11 years ago today I was working in the restaurant, carrying some pans to the dishwasher when I collapsed. Over the previous month or so I had been having some problems. One was, I couldn’t stop urinating. I was literally wetting myself on occasion. I was 34 years old and couldn’t control a simple body function.
Rewind to 1995. I was working in a nursing home in the maintenance department. I had just finished doing my outside morning rounds. I went inside and was walking to my office when one of the nurses noticed something about me. She called me over and told me to sit down. I did for two reasons. The first, she was my best friend and I saw the concern on her face. The second, she could be mean. She would have chased me down the hallway and dragged me back.
She took my vital signs. They were normal. On a whim she took my blood sugar. It was 34. She took it again and came up with the same reading. She looked at me and asked, “How are you even walking? You should be in a coma.” I shrugged my shoulders and went back to work. Unbeknownst to me, she talked to the facilities doctor who told her to get me to see him immediately. That afternoon I was in his office.
He ran some test on me and diagnosed me with hypoglycemia, low blood sugar. Apparently my pancreas was over producing insulin and that was causing my blood sugar to drop to very low readings. He looked at me and said, “You are going to be a diabetic by the time you’re 35.” I shrugged that off because, there wasn’t a whole heck of a lot I could do about it.
Fast forward to April 18, 2006. Laying on the floor in front of the dishwasher. I can hear my sister yelling my name. I’m confused. I can’t understand why I’m on a dirty, wet floor. Robert comes in and picks me up off of the floor. I’m not a small person. This monster of a man picked me up and sat me in a chair. The paramedics come. My blood sugar is so high, the glucometer couldn’t read it. I’m put in an ambulance.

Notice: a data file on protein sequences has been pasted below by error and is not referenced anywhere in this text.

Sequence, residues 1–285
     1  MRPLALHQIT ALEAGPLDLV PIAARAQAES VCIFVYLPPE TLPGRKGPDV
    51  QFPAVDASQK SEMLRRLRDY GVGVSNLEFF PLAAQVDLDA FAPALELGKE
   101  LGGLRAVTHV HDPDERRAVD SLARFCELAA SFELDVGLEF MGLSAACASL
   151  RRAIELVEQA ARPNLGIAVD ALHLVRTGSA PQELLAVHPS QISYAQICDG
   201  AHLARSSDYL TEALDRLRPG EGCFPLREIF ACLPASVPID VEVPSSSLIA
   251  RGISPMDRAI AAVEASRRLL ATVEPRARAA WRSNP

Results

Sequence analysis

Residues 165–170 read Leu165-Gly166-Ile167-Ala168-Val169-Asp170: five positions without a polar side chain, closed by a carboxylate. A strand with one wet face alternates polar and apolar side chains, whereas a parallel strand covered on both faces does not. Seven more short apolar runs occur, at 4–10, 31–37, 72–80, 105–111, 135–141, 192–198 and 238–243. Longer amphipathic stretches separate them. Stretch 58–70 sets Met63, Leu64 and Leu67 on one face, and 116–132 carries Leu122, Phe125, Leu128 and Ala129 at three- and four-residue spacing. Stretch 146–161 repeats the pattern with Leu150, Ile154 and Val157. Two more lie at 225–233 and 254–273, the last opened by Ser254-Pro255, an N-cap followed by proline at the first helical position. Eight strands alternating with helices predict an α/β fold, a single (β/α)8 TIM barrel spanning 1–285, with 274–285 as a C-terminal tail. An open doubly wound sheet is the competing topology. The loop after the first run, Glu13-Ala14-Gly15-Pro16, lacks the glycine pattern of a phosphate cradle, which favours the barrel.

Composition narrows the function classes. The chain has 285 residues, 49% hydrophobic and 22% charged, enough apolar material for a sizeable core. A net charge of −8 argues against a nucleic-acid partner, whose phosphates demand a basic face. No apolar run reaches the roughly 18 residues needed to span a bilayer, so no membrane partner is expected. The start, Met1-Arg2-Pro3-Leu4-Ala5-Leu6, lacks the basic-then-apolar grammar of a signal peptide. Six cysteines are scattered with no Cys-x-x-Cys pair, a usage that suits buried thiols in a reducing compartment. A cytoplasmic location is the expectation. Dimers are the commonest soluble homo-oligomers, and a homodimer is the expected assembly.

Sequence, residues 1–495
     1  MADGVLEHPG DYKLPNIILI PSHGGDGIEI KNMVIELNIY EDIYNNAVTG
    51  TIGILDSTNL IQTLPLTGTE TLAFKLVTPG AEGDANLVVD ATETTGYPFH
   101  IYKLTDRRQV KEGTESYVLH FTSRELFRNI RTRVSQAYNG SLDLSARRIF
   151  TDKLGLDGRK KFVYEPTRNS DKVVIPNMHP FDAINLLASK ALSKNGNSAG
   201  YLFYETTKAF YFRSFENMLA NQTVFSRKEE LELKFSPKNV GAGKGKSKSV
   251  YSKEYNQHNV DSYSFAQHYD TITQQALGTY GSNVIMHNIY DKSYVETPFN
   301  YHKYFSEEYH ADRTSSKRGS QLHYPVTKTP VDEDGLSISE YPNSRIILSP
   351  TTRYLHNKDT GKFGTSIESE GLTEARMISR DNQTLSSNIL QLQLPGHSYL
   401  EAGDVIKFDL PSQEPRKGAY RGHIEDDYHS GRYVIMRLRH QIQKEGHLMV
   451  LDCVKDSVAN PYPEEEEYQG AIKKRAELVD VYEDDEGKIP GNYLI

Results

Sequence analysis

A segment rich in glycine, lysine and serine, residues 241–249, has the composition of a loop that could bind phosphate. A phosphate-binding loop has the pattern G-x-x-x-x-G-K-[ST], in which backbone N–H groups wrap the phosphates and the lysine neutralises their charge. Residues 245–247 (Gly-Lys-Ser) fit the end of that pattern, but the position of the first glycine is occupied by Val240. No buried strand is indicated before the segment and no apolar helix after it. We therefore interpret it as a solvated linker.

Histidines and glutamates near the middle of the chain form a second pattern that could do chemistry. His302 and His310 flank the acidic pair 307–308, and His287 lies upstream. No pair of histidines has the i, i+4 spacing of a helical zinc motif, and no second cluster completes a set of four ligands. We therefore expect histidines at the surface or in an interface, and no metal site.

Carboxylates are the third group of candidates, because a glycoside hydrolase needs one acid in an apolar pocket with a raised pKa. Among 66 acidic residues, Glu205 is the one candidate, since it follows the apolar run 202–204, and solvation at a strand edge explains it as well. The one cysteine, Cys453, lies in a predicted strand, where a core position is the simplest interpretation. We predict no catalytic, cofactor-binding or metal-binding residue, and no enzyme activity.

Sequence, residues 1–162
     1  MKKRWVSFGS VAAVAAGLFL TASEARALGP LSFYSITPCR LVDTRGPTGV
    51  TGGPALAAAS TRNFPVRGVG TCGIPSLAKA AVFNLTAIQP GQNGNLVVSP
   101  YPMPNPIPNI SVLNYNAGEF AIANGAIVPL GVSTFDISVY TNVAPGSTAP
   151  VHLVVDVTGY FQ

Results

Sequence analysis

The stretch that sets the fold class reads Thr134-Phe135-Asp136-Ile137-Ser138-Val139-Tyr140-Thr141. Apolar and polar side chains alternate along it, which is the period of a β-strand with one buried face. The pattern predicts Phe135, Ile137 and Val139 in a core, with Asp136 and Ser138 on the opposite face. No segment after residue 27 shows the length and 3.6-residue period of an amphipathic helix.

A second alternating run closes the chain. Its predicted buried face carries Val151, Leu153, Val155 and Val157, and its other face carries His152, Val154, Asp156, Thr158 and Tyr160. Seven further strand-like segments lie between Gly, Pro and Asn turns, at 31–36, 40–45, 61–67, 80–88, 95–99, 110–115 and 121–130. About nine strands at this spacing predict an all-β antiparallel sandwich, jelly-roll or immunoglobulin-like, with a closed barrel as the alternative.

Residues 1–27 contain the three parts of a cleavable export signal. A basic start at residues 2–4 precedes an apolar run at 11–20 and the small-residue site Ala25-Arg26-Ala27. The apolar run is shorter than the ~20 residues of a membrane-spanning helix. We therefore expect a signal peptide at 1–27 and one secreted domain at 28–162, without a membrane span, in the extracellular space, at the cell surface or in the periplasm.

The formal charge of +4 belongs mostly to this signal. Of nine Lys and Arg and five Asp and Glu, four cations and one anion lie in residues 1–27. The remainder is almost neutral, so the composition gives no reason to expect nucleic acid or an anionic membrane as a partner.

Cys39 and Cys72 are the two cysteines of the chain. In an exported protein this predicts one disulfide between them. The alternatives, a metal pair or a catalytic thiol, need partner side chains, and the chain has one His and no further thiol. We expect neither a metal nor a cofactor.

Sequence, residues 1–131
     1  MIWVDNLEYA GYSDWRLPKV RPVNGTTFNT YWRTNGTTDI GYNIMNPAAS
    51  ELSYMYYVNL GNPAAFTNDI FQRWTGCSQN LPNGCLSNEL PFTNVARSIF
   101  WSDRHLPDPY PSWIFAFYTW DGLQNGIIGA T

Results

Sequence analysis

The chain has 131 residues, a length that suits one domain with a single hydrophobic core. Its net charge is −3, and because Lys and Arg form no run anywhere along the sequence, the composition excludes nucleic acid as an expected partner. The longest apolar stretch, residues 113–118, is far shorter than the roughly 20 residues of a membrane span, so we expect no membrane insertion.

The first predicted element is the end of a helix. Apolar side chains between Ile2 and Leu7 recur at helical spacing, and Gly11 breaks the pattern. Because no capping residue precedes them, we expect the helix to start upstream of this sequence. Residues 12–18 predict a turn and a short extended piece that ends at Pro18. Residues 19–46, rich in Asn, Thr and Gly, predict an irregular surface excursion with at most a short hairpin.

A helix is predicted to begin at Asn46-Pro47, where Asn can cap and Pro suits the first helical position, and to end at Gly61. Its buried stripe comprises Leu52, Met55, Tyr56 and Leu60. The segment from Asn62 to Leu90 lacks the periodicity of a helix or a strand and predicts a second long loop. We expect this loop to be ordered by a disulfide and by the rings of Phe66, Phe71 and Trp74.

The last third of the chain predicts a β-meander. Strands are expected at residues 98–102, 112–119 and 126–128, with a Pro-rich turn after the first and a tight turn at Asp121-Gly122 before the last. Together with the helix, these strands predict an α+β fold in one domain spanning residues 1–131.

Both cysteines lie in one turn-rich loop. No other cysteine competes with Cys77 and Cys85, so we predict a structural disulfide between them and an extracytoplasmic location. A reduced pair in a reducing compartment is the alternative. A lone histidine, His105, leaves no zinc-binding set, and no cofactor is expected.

I’m lying in a hospital bed, ready to walk out. On one side of me is a screaming woman who is surrounded by the police. On the other side is a screaming man who was passing a kidney stone. I’m not a good patient. I told my mother and sister I was going to leave. They, smartly, took all my clothes and wallet and went home. The nurse saw I was getting irritated and moved me into a private ER room.
Many bottles of IV liquids and many blood draws later, the doctor comes in. When I got to the hospital my glucose reading was well over 700. He told me I was a diabetic. Someone would be in in a little while to discuss things with me. This sent me into a depression that lasted for a few weeks. The doctor from 199 had been right. Two months and three weeks before my 35th birthday, I was diagnosed with diabetes.
Unfortunately, this isn’t an outline for a story I’m writing. This is what happened to me 11 years ago today. It was crushing to me. I honestly thought my life was over. Diabetes is a horrible disease that affects every part of your body. It took one of my father’s legs. I am not afraid of many things but the one thing that scares me is going blind. Diabetes can cause blindness.
I’m not going to preach to you about sugar and blah, blah, blah. You all are smart enough to know what you need to do. The reason I’m writing this post is to remind you of a couple of things.
1. Don’t play around. If you notice something going on in your body, go to the doctor. Don’t let a disease progress just because you are a little afraid. It can kill you.
2. It isn’t the end of the world. I was afraid my life was over. It wasn’t, I just had to make adjustments. It was hard at first. I had to give up a lot of things I loved. I have to take pills and give myself an injection. It can be irritating, both physically and mentally, but it’s not that hard.
3. I still screw up. That’s okay, though. You will too. It’s life. It’s what we do.
Because I waited so long to get myself treated, I have other problems associated with diabetes. Don’t let your story be the same as mine.
It’s not diabetes awareness month, that happens in November.It is the anniversary of my diagnosis though and I want you all to be aware.
Take care of yourselves.